Do you know that during the last decade more plastic has been produced than in the whole of the previous 100 years and that 50% of all plastics are used just once and thrown away?
Enough plastic is thrown away each year to circle the earth four times and plastic can take between 500 and 1000 years to decompose.
This upsurge in plastic pollution has had some disturbing effects. A lot of plastic pollution enters the ocean. The Pacific Ocean supports an area of floating bits of plastic twice the size of Texas and it is estimated that one million seabirds and 100,000 marine mammals are killed each year by plastic in the world’s seas.
With such facts in mind, public sector organisations and businesses in County Durham are teaming up in an attempt to reduce their consumption of single-use plastics.
Durham County Council were recently joined by a number of partners at County Hall, where a pledge was signed to work towards removing all unnecessary single-use plastics from their operations.
The signatories included Durham University, Northumbrian Water, Durham Constabulary and Beamish Museum.
The partners are reducing their single-use plastic consumption through measures such as eliminating plastic cutlery and straws in canteens, reusing cups, and recycling plastics whenever possible.
Durham County Council has taken measures such as phasing out blue plastic overshoes at its leisure centres, replacing plastic confetti at theatre shows with environmentally friendly alternatives, and reusing non-recyclable plastics to resurface roads.
Northumbrian Water has been promoting its Refill scheme to encourage people to use less plastic water bottles. Under this scheme, cafes, restaurants and a range of other businesses can declare themselves Refill Stations, where members of the public can refill their bottles with tap water for free.
Durham University is experimenting with reusable cartons for students’ lunches and swapping disposable cups for reusable mugs, glasses and cups. The university also plans to replace drinks in plastic bottles with canned drinks in its vending machines.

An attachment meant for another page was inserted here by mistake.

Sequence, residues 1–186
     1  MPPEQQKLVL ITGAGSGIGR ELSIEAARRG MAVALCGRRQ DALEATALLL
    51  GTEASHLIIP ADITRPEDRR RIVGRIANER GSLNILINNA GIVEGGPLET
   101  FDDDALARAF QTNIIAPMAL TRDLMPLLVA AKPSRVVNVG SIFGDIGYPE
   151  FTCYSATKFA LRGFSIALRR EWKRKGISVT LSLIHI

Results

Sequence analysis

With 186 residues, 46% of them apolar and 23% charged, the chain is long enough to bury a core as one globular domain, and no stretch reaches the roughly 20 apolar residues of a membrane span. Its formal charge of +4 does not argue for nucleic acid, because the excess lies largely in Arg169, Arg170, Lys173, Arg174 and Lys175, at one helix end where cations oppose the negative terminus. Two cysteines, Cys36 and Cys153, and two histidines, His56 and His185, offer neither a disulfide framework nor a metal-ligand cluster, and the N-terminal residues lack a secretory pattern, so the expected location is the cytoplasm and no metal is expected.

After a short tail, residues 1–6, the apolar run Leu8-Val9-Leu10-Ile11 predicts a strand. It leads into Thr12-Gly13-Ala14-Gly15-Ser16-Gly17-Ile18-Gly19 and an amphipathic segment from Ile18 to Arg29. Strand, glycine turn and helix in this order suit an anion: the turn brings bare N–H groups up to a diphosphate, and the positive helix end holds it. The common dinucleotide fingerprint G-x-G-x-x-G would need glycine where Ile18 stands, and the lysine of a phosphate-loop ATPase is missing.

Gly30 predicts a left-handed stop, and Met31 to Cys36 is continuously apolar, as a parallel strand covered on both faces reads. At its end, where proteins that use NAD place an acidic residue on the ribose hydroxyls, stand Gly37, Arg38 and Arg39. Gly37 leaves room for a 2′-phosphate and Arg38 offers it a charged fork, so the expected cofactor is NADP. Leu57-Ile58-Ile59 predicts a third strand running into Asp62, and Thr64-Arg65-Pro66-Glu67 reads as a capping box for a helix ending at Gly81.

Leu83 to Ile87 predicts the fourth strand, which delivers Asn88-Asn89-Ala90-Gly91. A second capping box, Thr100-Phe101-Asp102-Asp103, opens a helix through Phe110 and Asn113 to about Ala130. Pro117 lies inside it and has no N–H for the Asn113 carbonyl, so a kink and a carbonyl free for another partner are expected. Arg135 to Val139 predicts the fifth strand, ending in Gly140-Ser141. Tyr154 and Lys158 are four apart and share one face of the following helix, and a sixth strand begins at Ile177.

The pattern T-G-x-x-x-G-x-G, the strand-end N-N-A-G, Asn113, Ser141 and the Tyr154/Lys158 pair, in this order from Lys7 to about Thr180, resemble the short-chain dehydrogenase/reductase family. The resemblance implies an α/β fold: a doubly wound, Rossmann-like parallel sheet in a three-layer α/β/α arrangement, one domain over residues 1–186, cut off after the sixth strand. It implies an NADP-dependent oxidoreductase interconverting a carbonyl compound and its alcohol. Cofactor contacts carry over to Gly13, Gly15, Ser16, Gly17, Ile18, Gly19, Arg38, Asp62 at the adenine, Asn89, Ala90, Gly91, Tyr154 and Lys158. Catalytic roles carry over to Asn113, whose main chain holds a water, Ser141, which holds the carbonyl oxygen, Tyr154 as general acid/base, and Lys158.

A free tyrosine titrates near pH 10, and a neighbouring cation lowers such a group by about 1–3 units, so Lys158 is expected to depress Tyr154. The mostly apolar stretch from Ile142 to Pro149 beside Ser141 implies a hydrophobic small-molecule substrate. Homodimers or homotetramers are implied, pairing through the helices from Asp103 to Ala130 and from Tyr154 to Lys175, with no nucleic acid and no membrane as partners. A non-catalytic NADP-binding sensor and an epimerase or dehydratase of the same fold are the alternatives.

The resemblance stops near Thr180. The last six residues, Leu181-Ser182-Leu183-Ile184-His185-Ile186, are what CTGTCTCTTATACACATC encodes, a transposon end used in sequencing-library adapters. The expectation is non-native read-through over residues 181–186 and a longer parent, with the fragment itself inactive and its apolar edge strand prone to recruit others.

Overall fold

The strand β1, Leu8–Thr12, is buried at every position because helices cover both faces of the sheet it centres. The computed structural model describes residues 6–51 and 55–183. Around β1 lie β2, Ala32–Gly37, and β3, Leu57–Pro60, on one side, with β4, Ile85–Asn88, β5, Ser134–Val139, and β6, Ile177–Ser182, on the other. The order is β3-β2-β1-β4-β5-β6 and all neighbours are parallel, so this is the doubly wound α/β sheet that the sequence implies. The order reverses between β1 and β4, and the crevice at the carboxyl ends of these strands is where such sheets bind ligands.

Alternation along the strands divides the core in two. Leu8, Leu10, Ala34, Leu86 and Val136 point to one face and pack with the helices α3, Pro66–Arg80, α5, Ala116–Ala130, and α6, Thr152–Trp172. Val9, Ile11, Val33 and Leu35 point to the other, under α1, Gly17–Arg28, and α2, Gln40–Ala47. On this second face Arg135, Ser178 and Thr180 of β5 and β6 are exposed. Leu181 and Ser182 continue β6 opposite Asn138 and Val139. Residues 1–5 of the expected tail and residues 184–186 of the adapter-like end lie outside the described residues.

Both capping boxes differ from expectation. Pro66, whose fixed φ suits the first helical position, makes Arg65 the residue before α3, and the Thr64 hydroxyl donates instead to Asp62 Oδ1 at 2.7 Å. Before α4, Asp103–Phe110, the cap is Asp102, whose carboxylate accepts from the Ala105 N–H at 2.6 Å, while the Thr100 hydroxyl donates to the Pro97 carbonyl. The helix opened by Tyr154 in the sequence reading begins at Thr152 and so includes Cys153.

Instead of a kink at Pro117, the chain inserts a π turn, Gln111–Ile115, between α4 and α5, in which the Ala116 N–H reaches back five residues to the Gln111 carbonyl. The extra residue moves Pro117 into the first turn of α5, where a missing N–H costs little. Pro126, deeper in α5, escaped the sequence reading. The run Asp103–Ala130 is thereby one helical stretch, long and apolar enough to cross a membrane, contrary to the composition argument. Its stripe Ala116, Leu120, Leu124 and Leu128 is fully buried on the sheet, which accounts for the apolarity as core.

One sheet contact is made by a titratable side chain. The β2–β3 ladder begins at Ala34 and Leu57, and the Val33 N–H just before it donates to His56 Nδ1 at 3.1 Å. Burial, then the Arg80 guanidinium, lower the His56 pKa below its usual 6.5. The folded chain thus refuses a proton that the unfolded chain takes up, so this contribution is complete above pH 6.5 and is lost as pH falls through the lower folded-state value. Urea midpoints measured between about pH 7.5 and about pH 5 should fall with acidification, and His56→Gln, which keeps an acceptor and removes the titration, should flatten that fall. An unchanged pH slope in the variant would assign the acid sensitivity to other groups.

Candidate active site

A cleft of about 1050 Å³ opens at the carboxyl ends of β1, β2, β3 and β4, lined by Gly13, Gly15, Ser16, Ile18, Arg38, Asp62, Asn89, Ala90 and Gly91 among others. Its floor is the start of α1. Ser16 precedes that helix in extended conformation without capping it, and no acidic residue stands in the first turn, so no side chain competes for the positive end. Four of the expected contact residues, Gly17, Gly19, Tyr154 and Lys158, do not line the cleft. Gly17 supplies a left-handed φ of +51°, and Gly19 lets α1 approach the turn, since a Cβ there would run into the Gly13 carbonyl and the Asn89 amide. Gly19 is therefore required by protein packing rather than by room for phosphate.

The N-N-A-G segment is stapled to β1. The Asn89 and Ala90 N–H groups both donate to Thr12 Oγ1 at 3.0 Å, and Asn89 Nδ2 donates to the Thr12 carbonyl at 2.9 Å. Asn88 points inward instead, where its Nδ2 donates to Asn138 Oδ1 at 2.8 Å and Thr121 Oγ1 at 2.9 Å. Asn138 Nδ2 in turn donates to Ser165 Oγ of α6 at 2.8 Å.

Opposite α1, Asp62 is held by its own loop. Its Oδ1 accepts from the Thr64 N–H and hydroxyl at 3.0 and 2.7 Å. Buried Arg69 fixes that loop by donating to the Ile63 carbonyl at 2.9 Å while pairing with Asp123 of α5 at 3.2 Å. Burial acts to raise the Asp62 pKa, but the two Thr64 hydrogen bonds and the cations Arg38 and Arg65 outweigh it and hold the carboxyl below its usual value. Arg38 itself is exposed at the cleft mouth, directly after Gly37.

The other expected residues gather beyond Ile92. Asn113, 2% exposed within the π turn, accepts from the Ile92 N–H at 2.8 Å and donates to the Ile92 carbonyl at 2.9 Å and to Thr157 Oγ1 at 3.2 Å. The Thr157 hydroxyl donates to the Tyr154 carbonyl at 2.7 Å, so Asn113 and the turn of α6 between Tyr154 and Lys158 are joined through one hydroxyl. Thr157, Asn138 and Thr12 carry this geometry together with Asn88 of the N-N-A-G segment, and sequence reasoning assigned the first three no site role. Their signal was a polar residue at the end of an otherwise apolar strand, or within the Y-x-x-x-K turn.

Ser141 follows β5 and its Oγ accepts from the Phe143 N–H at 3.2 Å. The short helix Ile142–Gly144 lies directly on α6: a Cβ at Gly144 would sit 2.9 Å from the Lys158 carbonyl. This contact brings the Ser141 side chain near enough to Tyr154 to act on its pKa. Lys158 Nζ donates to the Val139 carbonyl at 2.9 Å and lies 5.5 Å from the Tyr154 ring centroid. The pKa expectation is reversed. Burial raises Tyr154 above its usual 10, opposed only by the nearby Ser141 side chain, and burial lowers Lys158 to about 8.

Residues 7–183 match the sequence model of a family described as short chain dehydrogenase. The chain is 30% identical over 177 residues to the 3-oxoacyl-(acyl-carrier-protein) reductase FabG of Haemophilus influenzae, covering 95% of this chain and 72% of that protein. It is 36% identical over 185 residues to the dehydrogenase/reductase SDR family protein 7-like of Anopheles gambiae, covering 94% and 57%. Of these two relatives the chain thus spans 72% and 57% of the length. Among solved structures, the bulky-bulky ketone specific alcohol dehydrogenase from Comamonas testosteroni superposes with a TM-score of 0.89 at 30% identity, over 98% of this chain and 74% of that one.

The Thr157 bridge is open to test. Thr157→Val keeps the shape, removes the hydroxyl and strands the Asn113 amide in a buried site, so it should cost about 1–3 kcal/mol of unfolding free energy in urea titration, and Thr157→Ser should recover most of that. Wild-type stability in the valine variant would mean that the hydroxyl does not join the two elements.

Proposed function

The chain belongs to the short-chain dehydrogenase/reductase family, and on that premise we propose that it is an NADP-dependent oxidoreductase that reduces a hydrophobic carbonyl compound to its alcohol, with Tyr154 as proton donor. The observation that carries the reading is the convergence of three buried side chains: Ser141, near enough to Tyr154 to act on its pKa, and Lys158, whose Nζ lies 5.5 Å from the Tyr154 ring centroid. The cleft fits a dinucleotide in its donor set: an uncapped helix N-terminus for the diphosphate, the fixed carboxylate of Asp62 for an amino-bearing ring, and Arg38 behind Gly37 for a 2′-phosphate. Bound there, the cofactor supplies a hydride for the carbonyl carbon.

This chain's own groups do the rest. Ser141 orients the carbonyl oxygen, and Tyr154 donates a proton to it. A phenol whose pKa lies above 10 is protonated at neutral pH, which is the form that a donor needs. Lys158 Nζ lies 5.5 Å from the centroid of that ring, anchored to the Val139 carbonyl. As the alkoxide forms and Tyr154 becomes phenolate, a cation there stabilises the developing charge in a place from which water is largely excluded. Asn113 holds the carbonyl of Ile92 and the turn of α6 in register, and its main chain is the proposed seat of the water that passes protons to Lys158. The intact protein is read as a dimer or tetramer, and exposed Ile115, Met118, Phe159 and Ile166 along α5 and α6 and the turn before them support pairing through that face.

Other organisations that have signed the pledge include The Environment Agency, County Durham and Darlington Fire and Rescue Service, North East England Nature Partnership, Durham BID, County Durham Housing Group, OASES and Durham Community Action.
Many more organisations and companies across County Durham are being encouraged to sign up for the campaign.
The leader of Durham County Council, Cllr Simon Henig, said, “This pledge is not anti-plastic as we recognise its value to everyday life. What we are working together to reduce, however, is the throw-away materials, of single use, which not only cause harm to our environment if disposed of incorrectly, but are also wasteful of resources.”
“I am delighted that this pledge is a collective one, pooling the efforts of not just one organisation, but several, all working towards a common cause.”
“The signatories here today are just the start and I am confident, given the importance of the issue and the strength of opinion, more will follow.”
The area director of Environment Agency North East, Oliver Harmar, said, “Plastic waste is one of the most important issues facing our planet today and we need to take action now to significantly reduce plastic pollution and the impact it has on our environment.”
“We will achieve this by working closely together, sharing good practice and winning hearts and minds to change the culture around single-use plastics, which is why I am delighted to sign this commitment.”
Lisa Wilkinson, sustainability manager at Beamish Museum, said, “The museum brings the region’s past to life, but we’re also committed to ensuring a greener and more sustainable future, providing the highest quality visitor experience while working towards minimising environmental impact.”
“We’re delighted to be working with organisations across County Durham on this very important issue.”
Businesses and residents who are interested in signing the pledge on single-use plastics can email firstname.lastname@example.org.
All those who sign the pledge will receive information, support and guidance to help them reduce their single-use-plastics consumption and find viable alternatives to single-use-plastic products.
To learn more about rubbish and recycling in County Durham, please visit www.durham.gov.uk/recycling.